When you have a guide dog, you sometimes feel like a famous person getting stopped frequently to sign autographs, minus the actual signatures and paparazzi.  When I first got Roja last year, I loved it when people stopped me to ask questions.  I didn’t mind if it turned into a longer conversation, as long as I was able to share all about Roja and Guide Dogs for the Blind.

This lasted for about 3 weeks, and then it got a little tiresome.  Some of my regular errands were taking 2 or 3 times as long as they did before having Roja.  All the time I was “saving” from walking at my fast, new pace with my furry friend was quickly being spent answering questions about guide dogs.  One woman followed me down the frozen food aisle at Trader Joe’s, telling me about how she wants a service dog for possible seizures caused by these strange rashes she was getting all over her body.  I certainly felt bad for this woman and her rashes, but I just wanted to find the party meatballs and move on.  Another woman found me  among the soups and lentils and asked if I’d been to the Wheaton Eye Clinic and, if so, had I tried the giant magnifiers?
Don’t get me wrong, I really enjoy connecting with new, interesting people, and I wish I had the time nd energy to do it all day long.  But at some point my kids have to eat and I need to get the house cleaned up.
I was mulling over this conundrum one day when I remembered the little cards that Guide Dogs for the Blind gave us right before graduation.  I remembered one of the admissions counselors telling us that these were great cards to hand to people who have questions about guide dogs, especially during those times that you’re in a hurry but don’t want to be rude.  So I started handing them out, and it was working well. But I was noticing that most people were really interested in hearing specifically about Roja since she was the guide dog standing near them.  “What’s her name?  How old is she?  How long have you had her?”  These questions couldn’t be answered by the GDB cards, but I also still didn’have enough time to share about Roja in the detail that I wished to with each person I met at the pharmacy.
“I wish I could just show people I meet the blogs I’ve written about Roja,” I remarked to my husband.
“Put a sign on her harness linking to your blog!” he laughed.
Hmmm…… Not a bad idea.
But I didn’t want to cover us the GDB logo on her harness.  Plus, how would people remember the web address?  And what if they really didn’t want to read about me and my twin and Retinitis Pigmentosa?  It’s Roja they care about.
That’s when I came up with the idea to have a specific section dedicated to stories written about (and by!) Roja.  My friend Tammy sent me a super-cute pic her son took of Roja, and I posted it on her dog blog.   Then I thought about printing her picture to paste on the GDB cards.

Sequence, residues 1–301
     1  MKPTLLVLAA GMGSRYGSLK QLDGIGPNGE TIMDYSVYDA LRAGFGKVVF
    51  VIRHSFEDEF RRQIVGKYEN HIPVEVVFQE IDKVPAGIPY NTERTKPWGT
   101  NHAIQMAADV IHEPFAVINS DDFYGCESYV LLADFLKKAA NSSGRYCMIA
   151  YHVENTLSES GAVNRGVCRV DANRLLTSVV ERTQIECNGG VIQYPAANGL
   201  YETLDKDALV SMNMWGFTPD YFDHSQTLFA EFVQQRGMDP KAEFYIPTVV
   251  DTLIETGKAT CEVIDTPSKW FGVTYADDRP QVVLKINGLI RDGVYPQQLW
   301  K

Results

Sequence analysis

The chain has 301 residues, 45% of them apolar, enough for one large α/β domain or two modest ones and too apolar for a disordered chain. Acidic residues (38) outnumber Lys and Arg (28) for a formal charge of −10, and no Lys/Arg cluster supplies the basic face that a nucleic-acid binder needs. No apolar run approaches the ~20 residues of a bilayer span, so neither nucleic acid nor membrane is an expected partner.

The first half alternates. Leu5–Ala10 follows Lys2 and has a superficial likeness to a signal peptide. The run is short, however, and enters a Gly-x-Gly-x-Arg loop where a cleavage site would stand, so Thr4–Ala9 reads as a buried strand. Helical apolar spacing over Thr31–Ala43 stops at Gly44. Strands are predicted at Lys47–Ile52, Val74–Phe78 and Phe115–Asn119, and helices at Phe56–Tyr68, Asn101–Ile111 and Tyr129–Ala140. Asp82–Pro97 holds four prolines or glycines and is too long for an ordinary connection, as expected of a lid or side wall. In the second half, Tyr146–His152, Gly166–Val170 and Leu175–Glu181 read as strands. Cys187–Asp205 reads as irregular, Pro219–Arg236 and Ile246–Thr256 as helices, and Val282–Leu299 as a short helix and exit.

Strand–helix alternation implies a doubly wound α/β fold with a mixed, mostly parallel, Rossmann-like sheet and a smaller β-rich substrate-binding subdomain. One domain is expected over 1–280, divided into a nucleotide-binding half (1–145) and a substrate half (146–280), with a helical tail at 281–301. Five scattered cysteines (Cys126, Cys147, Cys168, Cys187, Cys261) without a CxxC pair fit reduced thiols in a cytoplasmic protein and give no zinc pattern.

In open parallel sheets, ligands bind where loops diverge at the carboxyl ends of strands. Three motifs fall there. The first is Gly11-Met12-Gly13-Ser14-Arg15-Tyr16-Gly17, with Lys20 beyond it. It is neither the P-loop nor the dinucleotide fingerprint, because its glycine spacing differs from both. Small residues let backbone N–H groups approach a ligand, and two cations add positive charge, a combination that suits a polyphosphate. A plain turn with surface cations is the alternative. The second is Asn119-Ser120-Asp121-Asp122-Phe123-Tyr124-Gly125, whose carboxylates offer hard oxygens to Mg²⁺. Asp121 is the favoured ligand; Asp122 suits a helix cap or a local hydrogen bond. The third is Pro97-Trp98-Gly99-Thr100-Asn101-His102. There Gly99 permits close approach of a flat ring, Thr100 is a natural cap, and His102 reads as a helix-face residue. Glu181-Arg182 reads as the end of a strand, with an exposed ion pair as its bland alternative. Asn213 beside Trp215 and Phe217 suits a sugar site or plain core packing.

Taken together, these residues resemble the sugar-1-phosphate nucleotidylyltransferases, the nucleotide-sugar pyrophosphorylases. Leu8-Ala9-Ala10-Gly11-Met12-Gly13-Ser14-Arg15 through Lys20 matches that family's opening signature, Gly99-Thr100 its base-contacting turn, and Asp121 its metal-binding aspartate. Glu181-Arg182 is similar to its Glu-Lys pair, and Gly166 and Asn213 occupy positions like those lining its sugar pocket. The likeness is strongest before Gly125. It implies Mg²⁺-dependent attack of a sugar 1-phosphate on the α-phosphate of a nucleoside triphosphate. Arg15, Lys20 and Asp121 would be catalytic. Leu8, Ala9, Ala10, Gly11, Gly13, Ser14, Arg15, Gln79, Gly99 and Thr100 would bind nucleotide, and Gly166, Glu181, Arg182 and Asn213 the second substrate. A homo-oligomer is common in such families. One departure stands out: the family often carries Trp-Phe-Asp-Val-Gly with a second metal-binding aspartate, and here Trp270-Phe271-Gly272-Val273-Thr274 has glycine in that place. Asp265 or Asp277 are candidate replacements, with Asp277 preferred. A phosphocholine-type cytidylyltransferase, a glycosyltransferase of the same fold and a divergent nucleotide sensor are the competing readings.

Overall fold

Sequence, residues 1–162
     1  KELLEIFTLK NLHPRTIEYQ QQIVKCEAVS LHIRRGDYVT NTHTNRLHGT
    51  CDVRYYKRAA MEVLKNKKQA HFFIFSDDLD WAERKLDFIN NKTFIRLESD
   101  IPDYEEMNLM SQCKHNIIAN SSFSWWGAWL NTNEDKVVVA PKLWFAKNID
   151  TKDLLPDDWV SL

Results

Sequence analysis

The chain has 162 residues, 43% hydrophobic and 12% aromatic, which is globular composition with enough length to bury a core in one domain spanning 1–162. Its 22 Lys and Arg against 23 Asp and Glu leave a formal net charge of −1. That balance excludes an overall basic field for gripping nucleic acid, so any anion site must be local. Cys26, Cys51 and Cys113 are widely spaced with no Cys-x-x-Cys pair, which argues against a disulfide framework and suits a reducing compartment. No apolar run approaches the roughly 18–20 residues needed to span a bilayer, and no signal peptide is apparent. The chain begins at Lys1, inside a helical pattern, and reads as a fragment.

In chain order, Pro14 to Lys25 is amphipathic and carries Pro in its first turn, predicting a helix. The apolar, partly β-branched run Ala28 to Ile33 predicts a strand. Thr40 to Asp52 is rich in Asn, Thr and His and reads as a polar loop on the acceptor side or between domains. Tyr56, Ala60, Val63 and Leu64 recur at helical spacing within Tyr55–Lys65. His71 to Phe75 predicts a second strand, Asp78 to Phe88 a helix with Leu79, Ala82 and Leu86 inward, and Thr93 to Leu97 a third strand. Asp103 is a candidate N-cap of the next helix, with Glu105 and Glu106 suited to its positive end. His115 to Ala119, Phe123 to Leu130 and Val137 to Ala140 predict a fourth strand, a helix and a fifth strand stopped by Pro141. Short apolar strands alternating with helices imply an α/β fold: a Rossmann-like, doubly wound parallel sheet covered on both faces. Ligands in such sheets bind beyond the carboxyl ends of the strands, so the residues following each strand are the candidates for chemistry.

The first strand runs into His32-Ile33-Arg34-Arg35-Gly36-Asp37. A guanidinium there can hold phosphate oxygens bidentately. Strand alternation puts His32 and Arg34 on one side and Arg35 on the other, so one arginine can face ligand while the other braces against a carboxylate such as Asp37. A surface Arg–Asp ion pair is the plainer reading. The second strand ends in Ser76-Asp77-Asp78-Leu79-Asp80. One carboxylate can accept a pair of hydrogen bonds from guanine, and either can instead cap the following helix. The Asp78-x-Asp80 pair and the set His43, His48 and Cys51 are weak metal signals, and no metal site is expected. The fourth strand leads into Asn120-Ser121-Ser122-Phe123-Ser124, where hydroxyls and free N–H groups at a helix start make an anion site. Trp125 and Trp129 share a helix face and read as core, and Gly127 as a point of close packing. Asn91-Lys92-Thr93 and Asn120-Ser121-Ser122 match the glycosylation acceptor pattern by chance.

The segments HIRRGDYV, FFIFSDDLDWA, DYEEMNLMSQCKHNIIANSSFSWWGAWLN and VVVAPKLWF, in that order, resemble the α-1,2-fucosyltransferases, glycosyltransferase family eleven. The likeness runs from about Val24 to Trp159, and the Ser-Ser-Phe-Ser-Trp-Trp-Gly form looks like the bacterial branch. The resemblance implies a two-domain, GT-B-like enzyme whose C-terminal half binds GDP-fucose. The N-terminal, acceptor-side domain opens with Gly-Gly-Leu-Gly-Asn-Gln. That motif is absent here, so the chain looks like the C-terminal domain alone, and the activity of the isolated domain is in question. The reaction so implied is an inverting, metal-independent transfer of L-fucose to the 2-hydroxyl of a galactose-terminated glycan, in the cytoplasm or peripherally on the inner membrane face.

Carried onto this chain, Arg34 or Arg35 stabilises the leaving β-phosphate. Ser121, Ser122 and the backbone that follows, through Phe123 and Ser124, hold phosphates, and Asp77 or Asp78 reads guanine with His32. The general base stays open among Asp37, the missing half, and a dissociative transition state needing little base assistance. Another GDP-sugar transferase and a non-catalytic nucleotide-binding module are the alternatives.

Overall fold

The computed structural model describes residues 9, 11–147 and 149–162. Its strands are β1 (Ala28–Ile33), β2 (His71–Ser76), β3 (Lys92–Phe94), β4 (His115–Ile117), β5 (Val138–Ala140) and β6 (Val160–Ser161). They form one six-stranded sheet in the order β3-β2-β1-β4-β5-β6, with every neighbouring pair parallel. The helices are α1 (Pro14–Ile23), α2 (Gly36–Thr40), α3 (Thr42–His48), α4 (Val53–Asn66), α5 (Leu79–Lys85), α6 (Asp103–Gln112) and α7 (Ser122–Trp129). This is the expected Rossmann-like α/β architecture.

Or better yet, I decided, why not design Roja her very own cards?
My husband helped me design a card with Roja’s sweet yellow face with the big brown eyes on the front and her name, birthdate, blog address and GDB address on the back.  I really wanted to have the information printed in Braille as well, but I couldn’t find any companies to do it for a price I could afford, so I decided to save that for a later date.
For now, I have these perfect little linen cards to hand out to any inquiring minds.  I have also been handing them out at the schools I’ve been giving presentations at, which the kids seem to really like.

Roja card
I’m not sure how many people actually go home and look up Roja’s blog, although I did get my first comment from someone who I met at Trader Joe’s last week, and that made me smile.  It made Roja smile too, because she didn’t have to stand next to me while I yapped with a stranger for 15 minutes.  Instead, she got to go home and play tug with me for a few minutes while Curious Customer got to enjoy reading Roja’s most recent tales from the comfort of their home, not in the frozen food aisle.

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10 thoughts on “Why My Guide Dog Has Business Cards

  1. That is a stroke of brilliance. Love the idea. From the questions and comments my titanium wheelchair provokes, I can fully appreciate what a beautiful dog would elicit.

  2. What a great idea!

    I’ll Braille some of them for you for free if you like. I’m a certified transcriber. Not all, but like ten or so.

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